David Ellsworth has been refining his style for years and now, with his first book, you get to see exactly how the “grandfather” of turning does it. Offering more than just turning information, a number of chapters in this book discuss topics that non-turners will be interested in. Having said that, turning is the main focus here. Ellsworth speaks to what he knows best – an open bowl, a natural-edge bowl and the highlight of the book, a hollow vessel with an impossibly small opening. He also covers basics like sharpening, design, finishing and more. One chapter even details the stresses that turning puts on the human body and how to get the most from this overlooked “tool”. A crucial read for a wood-turner and an enlightening read for a woodworker.
Mine is similar but a bit more robust. The top is a sandwich, two 18mm sheets of WBP ply with an 18mm mdf filling. The legs are mortise and tenoned together, the ends glued and pegged, the stretchers are joined with long bolts so it comes apart. I stiffened it by adding a very closely fitted cabinet underneath (it had to go in dead square) and it is now absolutely rock solid.
For one, the bench itself is a good size. While its width as a tad short at just over 1 ½’, the length is a great 5’ long. Even better, this bench is made out of birch wood. Birchwood is similar to beech in that it is strong but soft enough to prevent inadvertent dulling of your tools. However, birch has a bit of an advantage over beech in that it is not a porous which makes staining on the Windsor Design a more worry-free affair.
The 84-906 fits this bill perfectly as the table offers all of the qualities and features that you would expect but does not truly blow you away with any of them. For instance, this bench is made out of rubberwood. This wood is decent in that it provides the strength you want, but it is also extremely porous and rough-grained. The porous nature would generally make it susceptible to rotting and staining, though the bench has been lacquered. The rough grain will potentially cause tools to dull over time if you do not regularly relacquer it.
The last thing is to semi-permanently attach the bolts for the vises. Given the amount of work necessary to get to the bolt heads, once the top is joined, I had intended to tighten them up so they wouldn't spin, and lock them that way with blue Loctite. (That's the strongest non-permanent grade.) That didn't work. What I found was that the bottoms of the countersinks weren't quite flat, and when I tightened the nuts down that far, the ends of the bolts would be pulled far enough out of alignment that the vise bases would no longer fit. In order for the vises to fit over the bolts, I had to leave the nuts loose enough that the bolts had a bit of wiggle - which meant that they were almost loose enough for the bolts to spin. So I put Loctite on the nuts, to keep them from unscrewing, and filled the countersinks with Liquid Nails, in hopes of keeping the bolts from spinning. I considered using epoxy, or a metal-epoxy mix like JB Weld, but I didn't have enough of either on hand. It seems to be working for now, though the real test won't be until I have to take the vises off.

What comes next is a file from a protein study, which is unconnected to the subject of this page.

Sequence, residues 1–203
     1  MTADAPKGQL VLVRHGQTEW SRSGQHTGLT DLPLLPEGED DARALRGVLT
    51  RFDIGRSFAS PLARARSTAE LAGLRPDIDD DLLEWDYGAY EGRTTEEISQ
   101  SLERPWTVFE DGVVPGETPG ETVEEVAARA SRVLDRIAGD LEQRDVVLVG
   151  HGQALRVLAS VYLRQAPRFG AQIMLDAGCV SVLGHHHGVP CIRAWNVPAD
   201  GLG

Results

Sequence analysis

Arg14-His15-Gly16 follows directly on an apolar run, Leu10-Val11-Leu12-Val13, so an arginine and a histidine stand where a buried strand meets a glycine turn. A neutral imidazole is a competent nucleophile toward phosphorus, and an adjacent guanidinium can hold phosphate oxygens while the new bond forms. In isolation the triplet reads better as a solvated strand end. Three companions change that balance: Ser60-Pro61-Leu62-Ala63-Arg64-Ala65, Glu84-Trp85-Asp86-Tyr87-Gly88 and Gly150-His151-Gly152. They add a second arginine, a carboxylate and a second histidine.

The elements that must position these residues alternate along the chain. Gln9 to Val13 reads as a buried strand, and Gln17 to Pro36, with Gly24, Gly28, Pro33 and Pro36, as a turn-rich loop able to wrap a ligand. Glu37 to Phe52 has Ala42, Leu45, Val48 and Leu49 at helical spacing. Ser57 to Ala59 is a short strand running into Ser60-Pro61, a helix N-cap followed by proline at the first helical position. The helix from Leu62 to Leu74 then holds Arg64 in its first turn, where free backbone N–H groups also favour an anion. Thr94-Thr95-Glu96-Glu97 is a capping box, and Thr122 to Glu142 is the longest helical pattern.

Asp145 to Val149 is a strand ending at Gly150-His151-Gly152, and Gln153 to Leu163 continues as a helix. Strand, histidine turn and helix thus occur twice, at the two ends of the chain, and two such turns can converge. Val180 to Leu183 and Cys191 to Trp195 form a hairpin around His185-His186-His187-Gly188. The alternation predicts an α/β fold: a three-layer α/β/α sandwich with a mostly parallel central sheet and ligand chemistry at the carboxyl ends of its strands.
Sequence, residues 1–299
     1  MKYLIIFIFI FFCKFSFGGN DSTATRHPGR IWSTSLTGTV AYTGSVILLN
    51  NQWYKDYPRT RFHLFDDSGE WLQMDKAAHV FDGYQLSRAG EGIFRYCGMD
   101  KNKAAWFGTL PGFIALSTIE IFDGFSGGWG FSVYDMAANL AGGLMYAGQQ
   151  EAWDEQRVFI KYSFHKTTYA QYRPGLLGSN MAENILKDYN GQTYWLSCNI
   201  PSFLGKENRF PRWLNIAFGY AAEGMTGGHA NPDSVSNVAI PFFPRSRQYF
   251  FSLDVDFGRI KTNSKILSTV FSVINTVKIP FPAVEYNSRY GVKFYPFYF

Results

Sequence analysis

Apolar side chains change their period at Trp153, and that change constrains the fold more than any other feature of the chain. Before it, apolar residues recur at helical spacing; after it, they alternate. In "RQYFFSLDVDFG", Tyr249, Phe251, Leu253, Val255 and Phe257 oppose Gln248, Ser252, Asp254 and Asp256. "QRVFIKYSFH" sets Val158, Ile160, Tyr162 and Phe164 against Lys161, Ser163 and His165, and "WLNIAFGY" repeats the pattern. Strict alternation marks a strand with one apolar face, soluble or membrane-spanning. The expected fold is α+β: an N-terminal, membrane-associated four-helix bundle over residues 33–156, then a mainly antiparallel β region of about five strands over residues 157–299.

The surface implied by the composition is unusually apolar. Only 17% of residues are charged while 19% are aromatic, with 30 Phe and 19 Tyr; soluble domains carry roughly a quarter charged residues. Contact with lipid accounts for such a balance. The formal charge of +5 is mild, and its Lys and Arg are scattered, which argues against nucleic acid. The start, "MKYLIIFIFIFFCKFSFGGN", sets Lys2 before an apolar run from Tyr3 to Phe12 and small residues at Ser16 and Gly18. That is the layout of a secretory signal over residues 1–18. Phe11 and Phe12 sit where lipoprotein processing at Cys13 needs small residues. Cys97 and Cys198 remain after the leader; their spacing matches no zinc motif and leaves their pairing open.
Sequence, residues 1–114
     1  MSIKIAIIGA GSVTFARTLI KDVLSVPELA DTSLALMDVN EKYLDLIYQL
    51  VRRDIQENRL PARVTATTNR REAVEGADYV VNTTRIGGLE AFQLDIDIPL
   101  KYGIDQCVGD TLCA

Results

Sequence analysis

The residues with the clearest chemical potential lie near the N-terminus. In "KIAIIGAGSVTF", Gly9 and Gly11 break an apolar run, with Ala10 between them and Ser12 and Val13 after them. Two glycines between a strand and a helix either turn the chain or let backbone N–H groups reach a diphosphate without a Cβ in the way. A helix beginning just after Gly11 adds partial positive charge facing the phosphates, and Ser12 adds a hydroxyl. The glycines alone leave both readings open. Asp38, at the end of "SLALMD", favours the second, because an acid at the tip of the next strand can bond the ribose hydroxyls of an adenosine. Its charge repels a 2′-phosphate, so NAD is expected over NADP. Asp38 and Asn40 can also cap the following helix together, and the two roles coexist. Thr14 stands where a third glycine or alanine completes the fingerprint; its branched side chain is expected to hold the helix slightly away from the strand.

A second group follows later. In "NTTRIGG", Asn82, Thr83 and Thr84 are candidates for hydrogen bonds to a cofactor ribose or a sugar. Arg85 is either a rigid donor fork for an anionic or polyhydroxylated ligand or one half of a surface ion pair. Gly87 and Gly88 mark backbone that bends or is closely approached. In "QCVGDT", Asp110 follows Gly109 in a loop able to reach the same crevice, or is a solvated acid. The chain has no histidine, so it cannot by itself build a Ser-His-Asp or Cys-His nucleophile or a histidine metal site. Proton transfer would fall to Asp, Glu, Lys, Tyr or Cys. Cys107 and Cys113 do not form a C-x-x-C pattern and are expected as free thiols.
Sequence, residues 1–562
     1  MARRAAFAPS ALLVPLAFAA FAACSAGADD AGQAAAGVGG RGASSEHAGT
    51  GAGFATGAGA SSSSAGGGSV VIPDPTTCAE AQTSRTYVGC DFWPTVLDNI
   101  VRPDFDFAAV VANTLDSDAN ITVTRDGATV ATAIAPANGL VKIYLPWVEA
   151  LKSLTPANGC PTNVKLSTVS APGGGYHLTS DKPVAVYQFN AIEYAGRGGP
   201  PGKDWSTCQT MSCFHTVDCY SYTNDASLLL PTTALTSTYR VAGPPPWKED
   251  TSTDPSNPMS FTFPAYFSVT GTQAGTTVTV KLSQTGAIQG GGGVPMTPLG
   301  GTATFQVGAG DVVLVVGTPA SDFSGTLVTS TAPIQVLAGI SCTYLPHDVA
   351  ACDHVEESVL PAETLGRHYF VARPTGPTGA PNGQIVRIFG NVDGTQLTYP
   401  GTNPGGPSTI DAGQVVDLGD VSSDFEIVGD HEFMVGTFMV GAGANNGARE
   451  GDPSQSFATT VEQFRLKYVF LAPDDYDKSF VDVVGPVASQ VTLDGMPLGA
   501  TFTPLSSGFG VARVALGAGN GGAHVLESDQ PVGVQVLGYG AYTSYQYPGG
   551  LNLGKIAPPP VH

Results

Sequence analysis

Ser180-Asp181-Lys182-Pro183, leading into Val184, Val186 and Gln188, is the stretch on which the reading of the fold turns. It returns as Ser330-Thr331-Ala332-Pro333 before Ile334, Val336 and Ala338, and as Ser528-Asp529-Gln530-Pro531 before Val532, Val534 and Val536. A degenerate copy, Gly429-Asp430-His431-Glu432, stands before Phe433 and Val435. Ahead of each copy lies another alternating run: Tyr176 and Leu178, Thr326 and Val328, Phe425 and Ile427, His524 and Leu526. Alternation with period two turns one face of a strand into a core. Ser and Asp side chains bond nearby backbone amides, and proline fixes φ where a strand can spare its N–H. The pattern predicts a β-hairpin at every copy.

Woodworking books, plans and CDs allow you to study the methods of woodworking experts to reduce the learning curve on woodworking projects and save valuable time in the workshop. Reading a woodworking book is the easiest and least expensive way to learn from woodworking legends and craftsmen. Woodworking tips and lessons from masters like Tage Frid, Frank Klausz, Sam Maloof, Thomas Moser, Ian Norbury, Toshio Odate, Rude Oslnik, David Pye, and Gustav Stickley can be right at your finger tips. If your are interested in improving your hand tool skills or learning classic furniture-making techniques, we find Lost Art Press Books to be among the most important woodworking book collections we offer. With Christopher Schwarz as part of the writing and publishing team, you will be gaining access to one of the most creative and knowledgeable woodworkers around.